Celebration Education

The act of asking questions and solving problems is good for the brain. We become smarter by doing things that challenge our brains.

Unfortunately, most schools have it backward. They give all the answers first and then they ask the questions. In my world, this would be cheating the student right out of a genuine learning experience. The students are quickly bored and the information soon forgotten.

A good work-out for the brain includes the student asking lots of questions first, then finding the answers. Not only is brain power increased, but the material is remembered for longer.

Let's compare a learner to an athlete. What athlete would be satisfied with a workout for his fingers only? None. They wouldn't feel satisfaction in the work, and their body would not get the exercise it craves. The process would be futile and soon the athlete would lose muscle tone, as well as lose interest in the sport. There is no satisfaction, no reason to continue.

The same goes for learning. If the learning process is superficial, it is unsatisfactory to the learner and the student soon loses interest. Learning becomes burdensome and school is merely tolerated.

It is by allowing the students to be curious, to ask questions and then to find the answers themselves that they will be properly challenged, their brains satisfied, and their interest increased. This way, they not only learn some great stuff, but they are also maximizing their brain power. This gives the students ownership in their learning and they turn into students who love to learn. They become amazing students and will even choose to work hard on a project, just because they want to.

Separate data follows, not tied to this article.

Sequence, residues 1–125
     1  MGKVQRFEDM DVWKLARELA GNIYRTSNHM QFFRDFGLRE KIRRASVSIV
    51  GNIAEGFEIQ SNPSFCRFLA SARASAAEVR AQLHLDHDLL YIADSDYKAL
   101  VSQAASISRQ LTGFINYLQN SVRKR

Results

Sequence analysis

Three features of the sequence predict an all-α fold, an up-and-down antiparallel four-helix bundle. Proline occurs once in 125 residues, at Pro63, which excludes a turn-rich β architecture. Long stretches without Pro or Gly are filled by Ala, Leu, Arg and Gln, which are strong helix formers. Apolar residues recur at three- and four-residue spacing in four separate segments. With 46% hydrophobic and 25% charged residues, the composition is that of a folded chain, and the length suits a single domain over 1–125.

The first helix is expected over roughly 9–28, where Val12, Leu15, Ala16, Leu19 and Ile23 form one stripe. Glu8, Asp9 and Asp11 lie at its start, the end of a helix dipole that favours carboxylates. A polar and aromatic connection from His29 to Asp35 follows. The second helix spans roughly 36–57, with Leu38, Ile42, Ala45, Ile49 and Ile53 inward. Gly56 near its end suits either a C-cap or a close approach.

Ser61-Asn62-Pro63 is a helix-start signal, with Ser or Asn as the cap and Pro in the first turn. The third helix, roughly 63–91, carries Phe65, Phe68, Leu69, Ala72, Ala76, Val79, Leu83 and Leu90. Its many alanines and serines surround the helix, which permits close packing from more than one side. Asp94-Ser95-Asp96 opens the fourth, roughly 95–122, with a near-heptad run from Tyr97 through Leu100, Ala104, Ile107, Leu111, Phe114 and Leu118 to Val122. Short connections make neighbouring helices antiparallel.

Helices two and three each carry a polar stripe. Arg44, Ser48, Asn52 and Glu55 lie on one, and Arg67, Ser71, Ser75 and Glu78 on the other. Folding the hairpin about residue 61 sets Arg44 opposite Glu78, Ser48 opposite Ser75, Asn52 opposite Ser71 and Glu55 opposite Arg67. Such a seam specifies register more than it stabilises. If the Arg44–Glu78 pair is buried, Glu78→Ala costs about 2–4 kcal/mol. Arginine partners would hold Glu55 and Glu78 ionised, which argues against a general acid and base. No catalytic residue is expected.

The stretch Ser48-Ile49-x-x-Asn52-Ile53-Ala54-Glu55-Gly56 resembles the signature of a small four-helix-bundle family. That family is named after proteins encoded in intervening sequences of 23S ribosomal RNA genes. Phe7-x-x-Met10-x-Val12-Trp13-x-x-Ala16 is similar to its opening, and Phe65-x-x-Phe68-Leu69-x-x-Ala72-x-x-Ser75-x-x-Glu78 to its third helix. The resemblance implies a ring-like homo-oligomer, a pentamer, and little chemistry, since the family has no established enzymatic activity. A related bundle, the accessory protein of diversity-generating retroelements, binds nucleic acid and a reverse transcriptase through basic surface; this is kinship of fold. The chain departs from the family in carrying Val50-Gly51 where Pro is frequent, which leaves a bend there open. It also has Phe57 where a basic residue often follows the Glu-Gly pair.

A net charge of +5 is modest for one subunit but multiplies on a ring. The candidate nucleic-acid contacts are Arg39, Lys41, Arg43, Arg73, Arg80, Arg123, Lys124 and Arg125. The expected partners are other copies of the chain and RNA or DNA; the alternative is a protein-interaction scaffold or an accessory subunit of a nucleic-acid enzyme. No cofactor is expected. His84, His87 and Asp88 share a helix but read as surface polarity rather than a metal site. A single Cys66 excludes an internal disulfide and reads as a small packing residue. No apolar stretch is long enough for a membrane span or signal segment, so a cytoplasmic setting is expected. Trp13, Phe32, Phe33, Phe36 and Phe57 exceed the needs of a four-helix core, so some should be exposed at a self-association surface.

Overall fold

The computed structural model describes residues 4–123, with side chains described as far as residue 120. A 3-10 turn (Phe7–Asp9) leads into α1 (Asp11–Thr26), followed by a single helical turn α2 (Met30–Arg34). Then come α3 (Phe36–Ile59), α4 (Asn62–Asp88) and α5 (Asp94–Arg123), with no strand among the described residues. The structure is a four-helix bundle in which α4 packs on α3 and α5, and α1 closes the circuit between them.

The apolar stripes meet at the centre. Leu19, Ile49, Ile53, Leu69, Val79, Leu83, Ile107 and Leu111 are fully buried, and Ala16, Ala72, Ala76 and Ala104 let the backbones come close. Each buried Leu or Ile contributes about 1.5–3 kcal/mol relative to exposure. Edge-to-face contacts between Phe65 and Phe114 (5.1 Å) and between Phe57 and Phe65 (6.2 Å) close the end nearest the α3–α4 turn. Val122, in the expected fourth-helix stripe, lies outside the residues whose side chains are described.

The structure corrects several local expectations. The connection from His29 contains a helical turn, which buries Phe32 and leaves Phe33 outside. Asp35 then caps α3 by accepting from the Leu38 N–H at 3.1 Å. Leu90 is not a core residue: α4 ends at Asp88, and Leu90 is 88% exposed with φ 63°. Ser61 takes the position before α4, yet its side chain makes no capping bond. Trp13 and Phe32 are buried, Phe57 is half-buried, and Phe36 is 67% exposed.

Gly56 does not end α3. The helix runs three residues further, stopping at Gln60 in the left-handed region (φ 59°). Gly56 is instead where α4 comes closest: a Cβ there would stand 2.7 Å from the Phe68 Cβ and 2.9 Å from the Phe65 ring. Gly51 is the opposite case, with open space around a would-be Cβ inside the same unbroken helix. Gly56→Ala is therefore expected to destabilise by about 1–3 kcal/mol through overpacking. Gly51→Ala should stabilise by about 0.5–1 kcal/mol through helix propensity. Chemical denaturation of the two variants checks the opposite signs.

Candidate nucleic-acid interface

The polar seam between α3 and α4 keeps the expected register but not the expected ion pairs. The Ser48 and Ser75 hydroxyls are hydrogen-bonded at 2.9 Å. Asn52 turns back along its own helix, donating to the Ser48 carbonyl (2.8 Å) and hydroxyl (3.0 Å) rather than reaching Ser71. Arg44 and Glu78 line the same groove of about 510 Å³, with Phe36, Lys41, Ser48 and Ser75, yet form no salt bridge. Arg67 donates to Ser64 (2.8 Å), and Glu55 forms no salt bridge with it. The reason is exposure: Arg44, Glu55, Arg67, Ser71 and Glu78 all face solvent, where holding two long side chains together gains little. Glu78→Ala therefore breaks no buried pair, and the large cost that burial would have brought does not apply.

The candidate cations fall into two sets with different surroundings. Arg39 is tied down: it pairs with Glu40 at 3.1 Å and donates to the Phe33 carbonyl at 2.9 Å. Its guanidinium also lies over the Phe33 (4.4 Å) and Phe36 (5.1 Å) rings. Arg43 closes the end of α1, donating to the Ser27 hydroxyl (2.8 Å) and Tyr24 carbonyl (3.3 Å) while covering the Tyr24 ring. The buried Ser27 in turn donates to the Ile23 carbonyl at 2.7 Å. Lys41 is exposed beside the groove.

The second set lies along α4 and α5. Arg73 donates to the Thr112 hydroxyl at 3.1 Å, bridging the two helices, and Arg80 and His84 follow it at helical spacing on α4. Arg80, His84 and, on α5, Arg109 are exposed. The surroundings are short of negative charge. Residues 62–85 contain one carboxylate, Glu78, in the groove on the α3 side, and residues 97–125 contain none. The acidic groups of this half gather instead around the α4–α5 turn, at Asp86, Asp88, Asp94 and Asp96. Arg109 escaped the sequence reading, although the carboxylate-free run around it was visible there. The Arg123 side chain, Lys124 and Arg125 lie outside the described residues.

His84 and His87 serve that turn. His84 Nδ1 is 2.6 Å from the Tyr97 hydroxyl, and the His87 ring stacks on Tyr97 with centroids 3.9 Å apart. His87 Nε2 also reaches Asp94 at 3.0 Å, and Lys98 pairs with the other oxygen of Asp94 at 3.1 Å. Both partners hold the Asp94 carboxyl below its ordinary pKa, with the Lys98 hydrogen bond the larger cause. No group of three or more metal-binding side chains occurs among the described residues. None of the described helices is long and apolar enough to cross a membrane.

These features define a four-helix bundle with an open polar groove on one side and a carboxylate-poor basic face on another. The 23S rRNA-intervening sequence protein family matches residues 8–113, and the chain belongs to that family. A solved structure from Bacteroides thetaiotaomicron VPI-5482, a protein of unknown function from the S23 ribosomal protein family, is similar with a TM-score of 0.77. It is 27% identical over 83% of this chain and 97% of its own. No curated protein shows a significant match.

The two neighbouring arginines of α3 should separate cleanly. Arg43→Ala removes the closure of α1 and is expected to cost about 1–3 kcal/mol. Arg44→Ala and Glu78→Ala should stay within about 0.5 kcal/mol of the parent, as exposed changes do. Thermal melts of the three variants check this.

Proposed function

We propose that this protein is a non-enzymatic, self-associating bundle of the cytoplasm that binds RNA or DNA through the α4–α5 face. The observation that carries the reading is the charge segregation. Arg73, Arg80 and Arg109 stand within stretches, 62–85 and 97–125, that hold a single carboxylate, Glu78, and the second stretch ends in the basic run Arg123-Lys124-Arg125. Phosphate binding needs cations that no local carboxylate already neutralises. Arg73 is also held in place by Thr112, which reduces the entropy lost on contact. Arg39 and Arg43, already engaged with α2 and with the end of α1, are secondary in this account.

Additionally, the learner enjoys the process and is more likely to want to repeat the experience. The student then knows how to learn on their own, they love to learn, and are likely to become lifelong learners.

To develop a learning brain, the questions are more important than the answers.

Let's make sure that our children have the opportunity to ask questions and let's help them find the answers until they are satisfied. That is, until the next set of questions are asked...!

-Heather Martinson

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